δ i = ( j = 1 4 X i , j j = 1 4 X i + 1 , j ) / 2
ε i = δ i / l
α t i = ε i t i t i + 1
α t = ε i ( t i t i + 1 )
where, δ i —the observational temperature shrinkage at ith level (mm); ε i —the temperature shrinkage strain at ith level; α t i —the temperature shrinkage coefficient at ith level (10−6/°C); α t —total temperature shrinkage coefficient (10−6/°C); X i , j —reading of jth micrometer at ith level (mm); l —initial length of the test specimen (mm); t i —temperature at ith level (°C).

3. Test Results

3.1. Unconfined Compressive Strength Analysis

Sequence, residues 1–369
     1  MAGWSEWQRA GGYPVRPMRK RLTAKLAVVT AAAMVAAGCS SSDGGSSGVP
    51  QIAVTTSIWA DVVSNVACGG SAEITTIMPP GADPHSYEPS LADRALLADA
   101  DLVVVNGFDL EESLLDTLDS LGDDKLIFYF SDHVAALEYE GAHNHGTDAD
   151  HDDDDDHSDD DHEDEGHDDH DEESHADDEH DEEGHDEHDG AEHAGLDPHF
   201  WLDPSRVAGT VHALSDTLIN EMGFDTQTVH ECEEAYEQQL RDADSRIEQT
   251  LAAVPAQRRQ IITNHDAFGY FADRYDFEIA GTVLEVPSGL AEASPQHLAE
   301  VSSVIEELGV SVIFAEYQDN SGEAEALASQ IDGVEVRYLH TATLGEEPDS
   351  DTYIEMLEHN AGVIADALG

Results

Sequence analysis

According to the requirements of the unconfined compressive strength of the cement stabilized base in JTG/T F20-2015, all the CSMs containing CRCBA and FRCBA can meet the requirements of all grade highways with any traffic duty except the express highway and grade I highway with extremely heavy traffic duty. The recommended range of 7d unconfined compressive strength for those case that can be adapted are from 4 MPa to 6 MPa or lower. Figure 8 shows the effects of CRCBA and FRCBA on the unconfined compressive strength of the mixture. From Figure 8, it can be seen that the 7d unconfined compressive strength has a downward trend with the increase of CRCBA content. When the amount of CRCBA is greater than 20%, the 7d unconfined compressive strength no longer varies with the increase of CRCBA. The decrease trend of 28d (Figure 8b) unconfined compressive strength is consistent with that of 7d when the CRCBA content is below 20%. With the increasing of CRCBA content, the 28d unconfined compressive strength still decreases. When the CRCBA content is greater than 40%, the 28d unconfined compressive strength of the CSM no longer varies with the increase of CRCBA. Compared with the 7d unconfined compressive strength, the 28d unconfined compressive strength of each CSM is greatly improved, especially B-20, of which the 28d unconfined compressive strength is increased by 46.9% than the 7d strength. In addition, it is found that when B-4-1 has 10% more FRCBA than B-4, the strength of the mixture increases and the 7d and 28d unconfined compressive strengths only increase a bit by 9.94% and 4.74%, respectively. Compared with B-6, the 7d and 28d unconfined compressive strengths of B-M are decreased by 13.14% and 19.21%, respectively.